Clinical Research Abstracts of the British Equine Veterinary Association Congress 2013
The Effect of Injection Needle Gauge Size on the Viability of Equine Mesenchymal Stem Cells
Article first published online: 9 SEP 2013
© 2013 The Author(s). Equine Veterinary Journal © 2013 EVJ Ltd
Equine Veterinary Journal
Special Issue: Clinical Research Abstracts of the British Equine Veterinary Association Congress 2013
Volume 45, Issue Supplement S44, page 4, September 2013
How to Cite
Cree, S.J., Smith, R.K. and Dudhia, J. (2013), The Effect of Injection Needle Gauge Size on the Viability of Equine Mesenchymal Stem Cells. Equine Veterinary Journal, 45: 4. doi: 10.1111/evj.12145_9
- Issue published online: 9 SEP 2013
- Article first published online: 9 SEP 2013
- Cited By
Performance horses are at high risk of injury to the superficial digital flexor tendon (SDFT). Studies have shown that autologous mesenchymal stem cells (MSCs) injected into SDFT lesions subsequently result in a significant reduction of re-injury in National Hunt racehorses; however, recent studies show that only 25% of implanted MSCs survive 24 h post injection. The reason for this loss is unclear but may relate to cell quiescence or injection-related mortality. We hypothesised that cell viability and mortality is increased with needle gauge.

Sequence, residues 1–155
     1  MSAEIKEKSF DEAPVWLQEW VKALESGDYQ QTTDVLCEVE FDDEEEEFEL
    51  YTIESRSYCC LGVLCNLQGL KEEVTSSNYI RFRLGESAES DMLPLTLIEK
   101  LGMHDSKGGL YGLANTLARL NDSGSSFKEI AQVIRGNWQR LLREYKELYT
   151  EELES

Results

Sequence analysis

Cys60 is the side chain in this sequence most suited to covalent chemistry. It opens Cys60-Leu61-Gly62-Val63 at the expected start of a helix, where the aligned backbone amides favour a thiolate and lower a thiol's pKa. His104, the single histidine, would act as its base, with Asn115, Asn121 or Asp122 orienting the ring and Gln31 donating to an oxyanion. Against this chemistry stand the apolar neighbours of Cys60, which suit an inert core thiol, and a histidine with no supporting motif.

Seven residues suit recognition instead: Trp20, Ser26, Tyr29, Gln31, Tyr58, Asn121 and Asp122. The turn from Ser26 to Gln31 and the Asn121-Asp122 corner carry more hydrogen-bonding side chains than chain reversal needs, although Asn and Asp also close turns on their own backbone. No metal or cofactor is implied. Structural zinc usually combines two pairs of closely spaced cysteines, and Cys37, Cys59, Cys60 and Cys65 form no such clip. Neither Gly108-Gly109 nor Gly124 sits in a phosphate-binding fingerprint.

Equine MSCs cultured in vitro were resuspended to a final suspension density of 5 x 105 cells/ml to mimic that used for implantation in clinic. The cell suspension was injected through a 19 gauge, 21 gauge (current practice in clinic) or 23 gauge needle. Mesenchymal stem cells viability and mortality was analysed over a 24 h period post injection using alamarBlue® and Annexin V (apoptosis) assays, respectively.
There was a 25% reduction in viability (P<0.01) and mortality (P<0.01) compared with noninjected MSCs over the 24 h period post injection. All needle gauges also induced a decrease in cell metabolic activity immediately post injection but with recovery by 2 h post injection. Furthermore, 21 gauge and 23 gauge needles increased early apoptotic cells immediately post injection, whereas the 19 gauge needle showed a delayed increase in apoptosis until 2 h post injection.
The delayed apoptosis may correlate with a subpopulation of quiescent cells subsequently becoming apoptotic. The proportion of early and late apoptotic MSCs, while significant, does not account for the total cell loss reported after intra-lesional injection.
Needle gauge selection has significant implications for the survival of MSC intra-lesional injections but it may not be the sole factor implicated in post injection cell mortality. We therefore recommend a minimum diameter of 19 gauge should be used for implantation.
Ethical animal research
Stem cell lines were obtained from bone marrow with approval of the Institutional Ethical Committee and under UK Home Office licence. Sources of funding: Funded by the Medical Research Council and The Royal Veterinary College. Competing interests: None.